The power to “publish at will,” digital citizenship, citizen journalism, a working understanding of intellectual property rights, and digital ethics are all important topics for 21st century learners. Subjects from each of these areas were raised by the following request I received recently via FlickrMail from Terri Potratz in Vancouver, Canada:

NowPublic request for a photo I took

Terri wanted to use a photograph I took in September 2007 of Chinese organic milk in her September 23, 2008, article for NowPublic, “China’s Toxic Milk Update: More Recalls and Bans.” Now that I’ve authorized the photo to be used in this article, it shows up with its own linked page on NowPublic in addition to its original online home in Flickr.


Terri was able to find this photo and correctly hypothesize I’d be willing to share it on NowPublic because of two things:

I think the way in which NowPublic solicits direct permission from photo sharers (in this case, Flickr users) is a conservative best-practice for citizen journalists. While it is true I’ve already granted permission for Terri or anyone else to use and remix that photo as long as attribution is given to me as the photo’s author, it is conservatively safer to ask for permission to republish a photo online for a citizen journalism article. Virgin Mobile Australia didn’t take this step when it used a Flickr image of teen Alison Chang for a national advertising campaign, and the result was a big mess and lots of embarrassment for the company. (For more on that case and others, see my post from January 2008, “Understanding and respecting copyright a problem for many.”) While I agree with those who hold asking for permission to republish images that are CC licensed attribution-only (as mine are) is NOT required, I do see the utility in asking permission “just to be sure.” I think it is wonderful has created a streamlined way for citizen journalists to ask for re-publication permission from original copyright owners and integrate documentation of that permission as well as proper attribution within their website.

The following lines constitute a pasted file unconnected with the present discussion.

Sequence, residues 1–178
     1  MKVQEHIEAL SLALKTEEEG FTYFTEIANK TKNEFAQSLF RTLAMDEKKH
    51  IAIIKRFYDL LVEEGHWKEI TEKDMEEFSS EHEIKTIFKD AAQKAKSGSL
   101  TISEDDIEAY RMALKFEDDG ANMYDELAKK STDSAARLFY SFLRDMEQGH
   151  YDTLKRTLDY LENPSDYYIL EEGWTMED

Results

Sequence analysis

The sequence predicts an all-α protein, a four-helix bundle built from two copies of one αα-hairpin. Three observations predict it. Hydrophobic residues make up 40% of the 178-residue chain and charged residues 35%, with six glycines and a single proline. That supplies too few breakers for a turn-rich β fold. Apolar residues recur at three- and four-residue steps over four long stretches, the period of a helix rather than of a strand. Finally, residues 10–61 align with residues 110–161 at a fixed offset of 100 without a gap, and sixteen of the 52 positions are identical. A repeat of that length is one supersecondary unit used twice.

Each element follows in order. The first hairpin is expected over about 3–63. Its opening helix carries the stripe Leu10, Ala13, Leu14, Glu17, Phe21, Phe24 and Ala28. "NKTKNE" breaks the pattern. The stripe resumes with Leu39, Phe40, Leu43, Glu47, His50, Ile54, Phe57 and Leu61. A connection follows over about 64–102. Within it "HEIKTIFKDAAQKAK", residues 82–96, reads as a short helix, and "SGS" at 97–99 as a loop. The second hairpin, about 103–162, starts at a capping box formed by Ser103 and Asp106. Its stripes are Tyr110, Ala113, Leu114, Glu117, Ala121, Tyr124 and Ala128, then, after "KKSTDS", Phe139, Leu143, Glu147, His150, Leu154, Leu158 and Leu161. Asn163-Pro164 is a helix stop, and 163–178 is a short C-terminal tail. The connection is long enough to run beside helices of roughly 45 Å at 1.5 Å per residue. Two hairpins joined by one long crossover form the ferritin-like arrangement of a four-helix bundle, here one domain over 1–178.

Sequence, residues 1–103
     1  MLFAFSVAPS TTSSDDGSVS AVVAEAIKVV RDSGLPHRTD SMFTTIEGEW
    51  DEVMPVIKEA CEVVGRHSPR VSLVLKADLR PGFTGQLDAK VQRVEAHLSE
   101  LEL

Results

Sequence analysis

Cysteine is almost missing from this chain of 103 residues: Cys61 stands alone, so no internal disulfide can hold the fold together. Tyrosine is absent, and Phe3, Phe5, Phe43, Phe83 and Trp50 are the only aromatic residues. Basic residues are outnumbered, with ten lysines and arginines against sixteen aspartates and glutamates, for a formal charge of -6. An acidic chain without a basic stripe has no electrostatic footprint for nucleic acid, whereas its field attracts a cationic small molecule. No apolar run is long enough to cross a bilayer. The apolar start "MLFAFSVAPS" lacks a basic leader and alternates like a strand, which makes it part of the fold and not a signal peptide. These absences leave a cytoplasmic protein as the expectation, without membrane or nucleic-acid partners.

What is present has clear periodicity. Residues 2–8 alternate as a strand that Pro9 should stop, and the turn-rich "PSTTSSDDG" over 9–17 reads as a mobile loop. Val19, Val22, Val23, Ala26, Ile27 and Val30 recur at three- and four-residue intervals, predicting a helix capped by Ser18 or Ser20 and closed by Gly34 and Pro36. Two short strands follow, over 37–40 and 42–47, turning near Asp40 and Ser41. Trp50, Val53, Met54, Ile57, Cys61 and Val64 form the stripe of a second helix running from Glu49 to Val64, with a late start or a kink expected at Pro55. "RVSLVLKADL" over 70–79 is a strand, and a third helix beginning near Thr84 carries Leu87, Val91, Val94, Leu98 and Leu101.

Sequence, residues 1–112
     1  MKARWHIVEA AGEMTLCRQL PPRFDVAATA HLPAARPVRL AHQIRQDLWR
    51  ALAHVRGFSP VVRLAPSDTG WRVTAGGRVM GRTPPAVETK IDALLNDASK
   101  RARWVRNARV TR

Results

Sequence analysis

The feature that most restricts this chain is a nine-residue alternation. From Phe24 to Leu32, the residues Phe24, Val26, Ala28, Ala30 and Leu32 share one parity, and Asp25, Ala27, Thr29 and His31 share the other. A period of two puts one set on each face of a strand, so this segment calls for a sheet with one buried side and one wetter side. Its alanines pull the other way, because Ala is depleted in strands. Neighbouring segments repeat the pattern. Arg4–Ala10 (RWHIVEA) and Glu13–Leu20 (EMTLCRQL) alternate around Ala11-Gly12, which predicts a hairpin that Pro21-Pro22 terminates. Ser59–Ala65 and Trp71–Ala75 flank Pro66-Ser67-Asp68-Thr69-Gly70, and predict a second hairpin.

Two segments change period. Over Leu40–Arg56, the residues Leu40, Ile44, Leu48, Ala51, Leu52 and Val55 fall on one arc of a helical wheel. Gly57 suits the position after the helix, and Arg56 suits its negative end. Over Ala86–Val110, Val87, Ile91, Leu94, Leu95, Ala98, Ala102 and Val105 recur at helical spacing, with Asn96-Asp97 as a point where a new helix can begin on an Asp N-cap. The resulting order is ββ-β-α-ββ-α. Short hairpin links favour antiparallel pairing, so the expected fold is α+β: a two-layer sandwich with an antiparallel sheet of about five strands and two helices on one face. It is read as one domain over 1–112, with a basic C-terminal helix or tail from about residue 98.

I’m wondering if use of the writing functionality could become part of a StoryChaser‘s teacher professional development institute down the road? I’ve been exploring options for facilitating a StoryChasers’ summer institute this summer along with several partner organizations. Things are not fleshed out yet, but prospects are looking hopeful. I’m very glad to learn more about NowPublic. It’s a site I’ve heard about in the context of citizen journalism, but hadn’t previously joined or explored in depth. Now I’m a member, and I’m hoping to write some articles for/on the site in the weeks ahead. 🙂

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4 Responses to NowPublic Citizen Journalism and intellectual property

  1. Great post. I wonder if you would like to post something ( or even become a member) of Global Voices Online.

  2. Wesley Fryer says:

    Milton: I would certainly be interested in learning more about becoming involved with Global Voices Online. Since I live in Oklahoma, however, I’m not sure what I could contribute. I definitely make a point of sharing the website with others as a fantastic resource for following global events. The next two weeks are pretty crazy with K12Online08 but please contact me and let me know more. Thanks.

  3. You’ve raised some great points here and I’m thrilled that you see the merits of the crowd sourcing system we currently have in place at NowPublic.

    I’m looking forward to your contributions to the site, so be sure to get in touch as soon as you get some content up!



  4. Rob Walker says:

    Thanks for the excellent example and explanation of what we do at NowPublic. Some people get a little annoyed when we ask for permission to use pics already in the public domain.

    It’s done for two reasons really; our tools allow for us to search and request pictures through our system, as such it’s actually *easier* for us to request permission and have the rights-owner help us use it, as well as just wanting to be sure they approve of the use of that photo in the context of the given story.



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